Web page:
EEOC misses on criminal background check discrimination lawsuit–Dallas employment discrimination lawyer Adam Kielich explains
Last month I blogged about the EEOC’s new employment discrimination priorities, including the EEOC’s focus on criminal background checks. The EEOC argues criminal background checks of job applicants results in an illegal, discriminatory employment practice. EEOC suggests there is a discriminatory impact on minorities when criminal background checks are not a job necessity. The EEOC made it a policy goal to bring litigation to nudge the courts into making law.
In its first major battle, the EEOC swung and missed. In a case filed in 2009 against Freeman Companies the EEOC alleged the company made use of credit checks and criminal background checks to screen employees out employees in such a way that it had a discriminatory impact on racial minorities. The Maryland district court hearing the case struck down the EEOC’s case on two key issues. (1) The court said the EEOC failed to present the necessary statistical evidence to prove a disparate impact. (2) The EEOC failed to isolate the discriminatory applicant screening from the company’s other screening practices.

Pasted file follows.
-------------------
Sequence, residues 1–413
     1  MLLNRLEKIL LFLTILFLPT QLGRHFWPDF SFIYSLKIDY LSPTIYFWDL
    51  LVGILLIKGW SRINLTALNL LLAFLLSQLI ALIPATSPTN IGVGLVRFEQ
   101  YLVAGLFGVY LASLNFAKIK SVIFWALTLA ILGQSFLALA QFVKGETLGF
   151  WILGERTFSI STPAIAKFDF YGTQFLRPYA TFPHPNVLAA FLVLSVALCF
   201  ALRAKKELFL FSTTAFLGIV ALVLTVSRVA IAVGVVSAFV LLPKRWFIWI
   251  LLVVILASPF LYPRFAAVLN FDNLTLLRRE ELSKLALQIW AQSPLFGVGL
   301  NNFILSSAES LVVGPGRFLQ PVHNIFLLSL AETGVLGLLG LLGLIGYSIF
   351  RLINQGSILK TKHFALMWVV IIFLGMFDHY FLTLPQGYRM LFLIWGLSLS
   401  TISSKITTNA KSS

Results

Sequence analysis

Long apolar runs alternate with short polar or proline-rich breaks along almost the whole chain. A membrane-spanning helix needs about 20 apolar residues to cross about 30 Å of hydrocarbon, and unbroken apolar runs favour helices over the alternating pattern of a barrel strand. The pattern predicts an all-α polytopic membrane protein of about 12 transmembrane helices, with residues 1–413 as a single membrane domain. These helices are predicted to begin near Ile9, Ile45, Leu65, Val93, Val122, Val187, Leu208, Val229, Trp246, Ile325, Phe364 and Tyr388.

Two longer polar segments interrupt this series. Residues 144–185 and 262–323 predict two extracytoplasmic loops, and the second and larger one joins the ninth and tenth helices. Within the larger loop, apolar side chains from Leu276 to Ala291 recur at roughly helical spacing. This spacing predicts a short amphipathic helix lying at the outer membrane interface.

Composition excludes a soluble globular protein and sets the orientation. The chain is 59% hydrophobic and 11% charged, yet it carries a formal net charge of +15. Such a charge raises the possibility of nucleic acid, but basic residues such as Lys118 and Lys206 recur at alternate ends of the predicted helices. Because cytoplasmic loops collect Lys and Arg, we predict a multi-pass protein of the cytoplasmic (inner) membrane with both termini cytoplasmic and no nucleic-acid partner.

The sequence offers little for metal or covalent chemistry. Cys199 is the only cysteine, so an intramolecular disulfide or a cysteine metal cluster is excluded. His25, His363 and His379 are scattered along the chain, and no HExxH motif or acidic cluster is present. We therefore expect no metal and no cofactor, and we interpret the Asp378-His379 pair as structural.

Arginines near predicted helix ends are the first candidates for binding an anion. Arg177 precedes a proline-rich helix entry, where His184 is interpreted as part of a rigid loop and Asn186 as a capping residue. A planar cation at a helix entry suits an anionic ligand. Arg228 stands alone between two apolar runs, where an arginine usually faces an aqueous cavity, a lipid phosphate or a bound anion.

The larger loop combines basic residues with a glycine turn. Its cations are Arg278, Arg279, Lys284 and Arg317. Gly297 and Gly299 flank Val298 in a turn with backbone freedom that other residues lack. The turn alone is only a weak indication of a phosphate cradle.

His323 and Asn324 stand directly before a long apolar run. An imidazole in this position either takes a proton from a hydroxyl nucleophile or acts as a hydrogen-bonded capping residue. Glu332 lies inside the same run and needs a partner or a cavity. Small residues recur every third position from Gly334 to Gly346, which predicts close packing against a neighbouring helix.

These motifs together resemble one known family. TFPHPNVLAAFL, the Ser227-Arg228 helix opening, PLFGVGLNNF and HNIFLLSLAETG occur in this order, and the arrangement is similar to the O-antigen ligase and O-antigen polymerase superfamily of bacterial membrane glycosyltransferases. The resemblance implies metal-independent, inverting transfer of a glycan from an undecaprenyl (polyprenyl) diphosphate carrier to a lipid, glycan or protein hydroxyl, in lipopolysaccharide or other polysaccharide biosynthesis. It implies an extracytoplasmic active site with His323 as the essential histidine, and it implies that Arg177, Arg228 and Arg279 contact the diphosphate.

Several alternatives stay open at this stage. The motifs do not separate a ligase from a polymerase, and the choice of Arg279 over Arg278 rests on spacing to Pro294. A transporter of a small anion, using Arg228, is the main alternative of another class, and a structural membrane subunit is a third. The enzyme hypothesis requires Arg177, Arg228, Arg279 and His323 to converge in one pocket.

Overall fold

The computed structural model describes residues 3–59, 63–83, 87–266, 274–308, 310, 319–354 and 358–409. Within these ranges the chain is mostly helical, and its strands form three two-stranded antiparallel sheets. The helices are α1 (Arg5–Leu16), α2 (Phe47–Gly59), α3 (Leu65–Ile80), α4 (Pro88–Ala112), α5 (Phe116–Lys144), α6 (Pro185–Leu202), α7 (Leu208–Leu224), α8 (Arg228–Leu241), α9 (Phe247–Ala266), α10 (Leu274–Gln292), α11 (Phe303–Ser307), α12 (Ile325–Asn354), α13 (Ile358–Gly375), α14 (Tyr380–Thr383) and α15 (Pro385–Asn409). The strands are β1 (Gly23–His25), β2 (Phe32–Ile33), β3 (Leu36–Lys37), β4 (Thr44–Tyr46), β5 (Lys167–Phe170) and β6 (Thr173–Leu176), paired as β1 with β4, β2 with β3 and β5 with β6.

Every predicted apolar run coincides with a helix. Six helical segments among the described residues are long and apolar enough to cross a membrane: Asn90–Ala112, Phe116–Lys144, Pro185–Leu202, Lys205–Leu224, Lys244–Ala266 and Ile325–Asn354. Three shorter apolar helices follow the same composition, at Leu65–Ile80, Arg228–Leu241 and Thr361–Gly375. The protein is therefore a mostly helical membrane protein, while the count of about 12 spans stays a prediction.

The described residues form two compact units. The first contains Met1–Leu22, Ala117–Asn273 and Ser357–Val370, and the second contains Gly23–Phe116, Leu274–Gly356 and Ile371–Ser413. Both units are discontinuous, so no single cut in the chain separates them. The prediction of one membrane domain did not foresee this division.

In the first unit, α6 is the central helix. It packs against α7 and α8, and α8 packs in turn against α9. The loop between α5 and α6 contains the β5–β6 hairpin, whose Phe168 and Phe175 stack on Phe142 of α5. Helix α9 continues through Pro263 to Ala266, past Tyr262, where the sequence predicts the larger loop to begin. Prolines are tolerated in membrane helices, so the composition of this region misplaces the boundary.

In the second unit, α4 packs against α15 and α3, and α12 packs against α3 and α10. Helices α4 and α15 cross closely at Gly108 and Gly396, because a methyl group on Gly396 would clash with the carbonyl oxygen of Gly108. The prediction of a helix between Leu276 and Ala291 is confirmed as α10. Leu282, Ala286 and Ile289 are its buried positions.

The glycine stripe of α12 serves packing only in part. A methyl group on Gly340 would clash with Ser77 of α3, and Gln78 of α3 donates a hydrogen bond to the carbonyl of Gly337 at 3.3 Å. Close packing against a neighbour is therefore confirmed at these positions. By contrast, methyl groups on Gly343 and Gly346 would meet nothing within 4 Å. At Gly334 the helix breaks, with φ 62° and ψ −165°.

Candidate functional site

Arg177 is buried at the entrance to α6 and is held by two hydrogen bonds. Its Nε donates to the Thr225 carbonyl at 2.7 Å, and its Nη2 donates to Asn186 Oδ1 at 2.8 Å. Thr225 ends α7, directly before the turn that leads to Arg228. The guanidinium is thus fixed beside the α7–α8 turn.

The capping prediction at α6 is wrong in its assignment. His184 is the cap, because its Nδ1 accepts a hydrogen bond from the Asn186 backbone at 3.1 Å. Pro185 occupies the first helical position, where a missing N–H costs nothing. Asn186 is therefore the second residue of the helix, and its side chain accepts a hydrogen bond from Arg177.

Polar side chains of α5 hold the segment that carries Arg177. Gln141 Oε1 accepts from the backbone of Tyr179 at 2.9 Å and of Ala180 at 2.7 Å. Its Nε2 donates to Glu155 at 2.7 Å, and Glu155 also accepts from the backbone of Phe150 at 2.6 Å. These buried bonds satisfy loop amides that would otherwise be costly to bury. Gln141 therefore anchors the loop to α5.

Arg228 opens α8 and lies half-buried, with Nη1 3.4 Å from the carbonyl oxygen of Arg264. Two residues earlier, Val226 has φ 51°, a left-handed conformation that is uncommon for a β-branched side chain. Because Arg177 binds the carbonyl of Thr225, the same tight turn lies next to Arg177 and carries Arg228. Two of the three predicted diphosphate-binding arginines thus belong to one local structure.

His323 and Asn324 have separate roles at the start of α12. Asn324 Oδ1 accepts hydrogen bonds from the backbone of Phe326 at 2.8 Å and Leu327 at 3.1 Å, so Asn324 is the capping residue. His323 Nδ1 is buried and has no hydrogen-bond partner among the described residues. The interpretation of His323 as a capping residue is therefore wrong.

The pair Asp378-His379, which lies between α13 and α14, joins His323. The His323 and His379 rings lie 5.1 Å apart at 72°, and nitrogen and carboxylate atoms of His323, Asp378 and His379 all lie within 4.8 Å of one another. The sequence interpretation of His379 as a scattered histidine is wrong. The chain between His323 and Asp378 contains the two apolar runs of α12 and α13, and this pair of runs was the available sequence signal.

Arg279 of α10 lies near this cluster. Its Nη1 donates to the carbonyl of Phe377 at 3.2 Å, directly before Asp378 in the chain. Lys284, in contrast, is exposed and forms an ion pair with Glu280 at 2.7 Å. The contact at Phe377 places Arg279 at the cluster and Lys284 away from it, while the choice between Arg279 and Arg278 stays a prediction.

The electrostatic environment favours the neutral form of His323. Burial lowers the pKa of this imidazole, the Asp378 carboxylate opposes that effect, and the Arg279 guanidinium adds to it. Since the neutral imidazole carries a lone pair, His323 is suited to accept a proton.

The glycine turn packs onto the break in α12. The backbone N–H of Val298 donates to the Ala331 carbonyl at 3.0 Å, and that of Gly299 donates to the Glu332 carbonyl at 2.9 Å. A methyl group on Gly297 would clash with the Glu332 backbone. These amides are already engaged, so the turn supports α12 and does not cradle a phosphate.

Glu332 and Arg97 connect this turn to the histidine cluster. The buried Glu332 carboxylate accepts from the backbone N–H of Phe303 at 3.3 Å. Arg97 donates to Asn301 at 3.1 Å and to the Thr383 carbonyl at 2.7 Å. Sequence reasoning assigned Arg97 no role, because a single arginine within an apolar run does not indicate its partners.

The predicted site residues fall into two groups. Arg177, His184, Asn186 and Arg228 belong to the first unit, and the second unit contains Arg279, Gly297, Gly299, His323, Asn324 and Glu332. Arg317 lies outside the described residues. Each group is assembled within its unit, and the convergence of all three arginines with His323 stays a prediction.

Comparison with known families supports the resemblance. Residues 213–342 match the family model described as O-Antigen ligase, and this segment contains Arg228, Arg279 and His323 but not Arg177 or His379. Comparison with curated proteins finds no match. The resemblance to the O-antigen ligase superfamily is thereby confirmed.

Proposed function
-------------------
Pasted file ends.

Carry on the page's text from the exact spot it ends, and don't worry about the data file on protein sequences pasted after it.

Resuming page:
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In reading the court’s harsh criticism of the EEOC’s evidence, one can easily read the opinion as either: (1) the EEOC really blew it on this case; or (2) the judge had a personal opinion about the EEOC’s stance on criminal background screening and fit the judicial opinion to the personal opinion; or (3) both. Without reading the statistical analysis myself, it’s hard to say which is most accurate. The EEOC’s approach to lumping together all of Freeman’s screening practices suggests maybe the EEOC did not put forward as clean of a case as it should have and the EEOC takes the blame for the miss rather than a judicial bias against employment discrimination plaintiffs. Then again the broad approach may have been intended to shape law on the issue.
Employment lawyers in Texas for EEOC employment discrimination claims
Employment lawyers represent clients in Dallas, Texas and surrounding areas in employment discrimination and other claims. EEOC complaints may resolve in mediation or settlement discussions during the EEOC investigation. If not then the employee and the employment lawyer must consider proceeding with litigation or arbitration of the employee’s claim. If you believe you have an employment discrimination issue then you should talk to employment lawyers right away. Employment discrimination claims have a short statute of limitations period in which you must file an administrative complaint to preserve your case.